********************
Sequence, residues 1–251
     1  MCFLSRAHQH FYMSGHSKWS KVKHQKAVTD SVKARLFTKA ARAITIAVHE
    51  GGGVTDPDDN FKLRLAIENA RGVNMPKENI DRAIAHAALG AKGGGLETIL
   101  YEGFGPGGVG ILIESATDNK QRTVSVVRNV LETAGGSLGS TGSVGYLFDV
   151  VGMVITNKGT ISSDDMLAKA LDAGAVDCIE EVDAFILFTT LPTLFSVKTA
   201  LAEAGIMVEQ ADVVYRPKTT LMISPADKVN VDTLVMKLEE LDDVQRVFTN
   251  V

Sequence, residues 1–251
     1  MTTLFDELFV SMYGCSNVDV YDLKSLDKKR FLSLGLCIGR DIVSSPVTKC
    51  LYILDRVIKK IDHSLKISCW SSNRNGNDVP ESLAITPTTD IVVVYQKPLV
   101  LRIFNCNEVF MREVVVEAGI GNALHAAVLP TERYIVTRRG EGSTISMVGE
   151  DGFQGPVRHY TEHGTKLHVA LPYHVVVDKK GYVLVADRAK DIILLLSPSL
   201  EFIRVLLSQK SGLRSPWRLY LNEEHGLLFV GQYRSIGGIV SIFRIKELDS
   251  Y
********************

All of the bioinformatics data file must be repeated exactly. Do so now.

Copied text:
Sequence, residues 1–251
     1  MCFLSRAHQH FYMSGHSKWS KVKHQKAVTD SVKARLFTKA ARAITIAVHE
    51  GGGVTDPDDN FKLRLAIENA RGVNMPKENI DRAIAHAALG AKGGGLETIL
   101  YEGFGPGGVG ILIESATDNK QRTVSVVRNV LETAGGSLGS TGSVGYLFDV
   151  VGMVITNKGT ISSDDMLAKA LDAGAVDCIE EVDAFILFTT LPTLFSVKTA
   201  LAEAGIMVEQ ADVVYRPKTT LMISPADKVN VDTLVMKLEE LDDVQRVFTN
   251  V

Sequence, residues 1–251
     1  MTTLFDELFV SMYGCSNVDV YDLKSLDKKR FLSLGLCIGR DIVSSPVTKC
    51  LYILDRVIKK IDHSLKISCW SSNRNGNDVP ESLAITPTTD IVVVYQKPLV
   101  LRIFNCNEVF MREVVVEAGI GNALHAAVLP TERYIVTRRG EGSTISMVGE
   151  DGFQGPVRHY TEHGTKLHVA LPYHVVVDKK GYVLVADRAK DIILLLSPSL
   201  EFIRVLLSQK SGLRSPWRLY LNEEHGLLFV GQYRSIGGIV SIFRIKELDS
   251  Y